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[OP]
Newbie
Nov 16, 2017
15 posts
5 upvotes

Is my tree sick?

Hello rfd,

My pine tree is looking rather bare. Although there is new growth at the tips, there are no pines growing near the trunk. The bark is peeling and has gone through 4 years of caterpillar infestation.

Thanks in advance.
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10 replies
Deal Addict
Dec 4, 2011
1871 posts
1475 upvotes
Montréal
First of all that is a blue spruce (Picea pungens "Glauca") not a pine.

Hard to tell what it could be without knowing your location. The caterpillars would be the first thing I would eliminate, you need to find and destroy the nests in the spring (or get an arborist to do it).
Deal Fanatic
Nov 21, 2013
6089 posts
4391 upvotes
From the pics it just look fine to me, I would not be worried there is new "fruits" (I don't know how it's called) at the tip of the branches
Deal Fanatic
Jul 7, 2017
6812 posts
3103 upvotes
SW corner of the cou…
It's very normal for leaves (or needles) near the trunk (especially for branches not near the top) to lose leaves. The shaded leaves may get parasitic (use more nutrients than the generate) and also get old and inefficient. Conifers in general don't develop new leaves on old wood.

Bark peeling/cracking is also fine. That's normal and due to the tree trunk growing and the bark (cambium, IIRC) growing. This active layer grows wood on the inside and bark on the outside (which is, IIRC actually dead cambium).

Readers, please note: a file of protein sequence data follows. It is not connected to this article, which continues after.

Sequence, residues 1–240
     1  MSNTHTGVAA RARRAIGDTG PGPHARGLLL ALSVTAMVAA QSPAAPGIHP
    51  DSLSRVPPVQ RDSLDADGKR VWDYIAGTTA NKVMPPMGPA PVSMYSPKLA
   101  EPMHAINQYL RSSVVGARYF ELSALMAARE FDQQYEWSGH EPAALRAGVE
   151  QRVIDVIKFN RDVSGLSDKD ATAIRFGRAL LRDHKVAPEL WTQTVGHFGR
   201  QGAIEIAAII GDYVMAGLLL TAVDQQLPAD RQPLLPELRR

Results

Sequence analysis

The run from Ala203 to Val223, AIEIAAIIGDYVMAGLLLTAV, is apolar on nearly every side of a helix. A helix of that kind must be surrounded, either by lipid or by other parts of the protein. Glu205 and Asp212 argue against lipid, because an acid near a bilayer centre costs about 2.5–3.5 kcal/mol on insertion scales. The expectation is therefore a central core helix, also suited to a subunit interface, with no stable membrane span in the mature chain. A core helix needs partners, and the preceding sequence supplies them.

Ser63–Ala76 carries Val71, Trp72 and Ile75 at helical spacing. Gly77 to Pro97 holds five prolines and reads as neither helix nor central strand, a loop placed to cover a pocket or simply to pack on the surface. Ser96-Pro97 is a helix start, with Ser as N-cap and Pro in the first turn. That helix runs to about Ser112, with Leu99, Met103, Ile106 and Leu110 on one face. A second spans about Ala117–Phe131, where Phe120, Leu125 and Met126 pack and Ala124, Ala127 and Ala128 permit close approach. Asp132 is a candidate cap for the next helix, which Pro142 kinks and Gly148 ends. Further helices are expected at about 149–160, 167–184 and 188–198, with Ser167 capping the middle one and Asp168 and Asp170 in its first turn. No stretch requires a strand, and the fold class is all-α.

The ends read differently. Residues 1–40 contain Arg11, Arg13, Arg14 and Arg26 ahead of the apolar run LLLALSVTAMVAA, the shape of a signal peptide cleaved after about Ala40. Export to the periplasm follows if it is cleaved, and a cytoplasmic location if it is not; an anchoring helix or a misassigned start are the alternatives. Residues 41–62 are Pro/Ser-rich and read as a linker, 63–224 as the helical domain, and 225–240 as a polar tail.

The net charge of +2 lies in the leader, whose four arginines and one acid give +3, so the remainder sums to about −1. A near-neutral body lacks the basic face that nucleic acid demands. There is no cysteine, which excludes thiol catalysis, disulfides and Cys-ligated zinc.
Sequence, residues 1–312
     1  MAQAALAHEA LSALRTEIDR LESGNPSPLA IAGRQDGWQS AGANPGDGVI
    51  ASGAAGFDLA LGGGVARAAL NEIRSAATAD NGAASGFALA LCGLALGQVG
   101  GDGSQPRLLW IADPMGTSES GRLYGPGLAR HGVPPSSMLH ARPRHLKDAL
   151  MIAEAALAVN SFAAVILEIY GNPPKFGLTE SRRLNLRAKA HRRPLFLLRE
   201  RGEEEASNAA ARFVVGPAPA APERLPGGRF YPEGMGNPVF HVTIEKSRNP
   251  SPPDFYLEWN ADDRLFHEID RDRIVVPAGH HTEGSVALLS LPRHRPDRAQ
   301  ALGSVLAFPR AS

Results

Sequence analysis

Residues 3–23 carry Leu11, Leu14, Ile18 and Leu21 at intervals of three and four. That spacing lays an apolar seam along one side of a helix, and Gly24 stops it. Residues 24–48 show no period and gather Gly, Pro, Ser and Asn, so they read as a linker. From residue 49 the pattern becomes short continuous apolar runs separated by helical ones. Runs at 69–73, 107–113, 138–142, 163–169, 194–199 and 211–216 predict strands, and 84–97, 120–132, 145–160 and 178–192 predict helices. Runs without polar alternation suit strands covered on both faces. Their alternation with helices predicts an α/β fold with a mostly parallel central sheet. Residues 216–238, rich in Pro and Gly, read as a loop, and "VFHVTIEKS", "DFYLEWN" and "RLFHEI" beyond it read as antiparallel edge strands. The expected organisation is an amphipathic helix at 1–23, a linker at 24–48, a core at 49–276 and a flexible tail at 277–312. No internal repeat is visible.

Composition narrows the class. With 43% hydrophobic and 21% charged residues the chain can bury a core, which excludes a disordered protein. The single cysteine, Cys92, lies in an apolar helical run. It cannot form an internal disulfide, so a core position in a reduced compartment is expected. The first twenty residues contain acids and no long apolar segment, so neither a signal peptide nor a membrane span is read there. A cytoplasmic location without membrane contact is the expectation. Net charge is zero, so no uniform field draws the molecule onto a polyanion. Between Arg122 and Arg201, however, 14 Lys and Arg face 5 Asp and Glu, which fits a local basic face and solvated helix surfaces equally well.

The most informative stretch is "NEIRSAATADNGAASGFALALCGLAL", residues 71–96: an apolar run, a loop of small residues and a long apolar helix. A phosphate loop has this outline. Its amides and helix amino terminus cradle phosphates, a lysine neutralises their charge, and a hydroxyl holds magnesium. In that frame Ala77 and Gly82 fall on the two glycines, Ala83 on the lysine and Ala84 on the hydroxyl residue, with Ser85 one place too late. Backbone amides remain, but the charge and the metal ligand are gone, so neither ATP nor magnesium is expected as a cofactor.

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Deal Addict
Dec 4, 2011
1871 posts
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Montréal
I have 2 blue spruces and the loss patterns of the needles from the trunk outwards are nowhere near like what OP have shown.

Yes, needles on older branches that the tree will eventually turn red and die but the pattern here (like a cylinder inside was cut out) is way too regular for that. The caterpillars are the likely culprit.

And yes, the bark splits as the tree grows but not the scaling and scabbing shown here once again.

These are 10 years old (planted them myself) and show nowhere near the loss as the tree I see in the first post

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Deal Addict
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Jun 13, 2010
3616 posts
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Blue spruce are huge trees. That tree is way too close to the fences. It'll take years but the roots will damage them and tree itself will be right up against them and will also hang way over into the neighbor's yard. I had one and it was over 35 feet tall and 12 feet around at the base and the trunk was 18 inches.
Jr. Member
Nov 27, 2020
140 posts
352 upvotes
tew wrote: Blue spruce are huge trees. That tree is way too close to the fences. It'll take years but the roots will damage them and tree itself will be right up against them and will also hang way over into the neighbor's yard. I had one and it was over 35 feet tall and 12 feet around at the base and the trunk was 18 inches.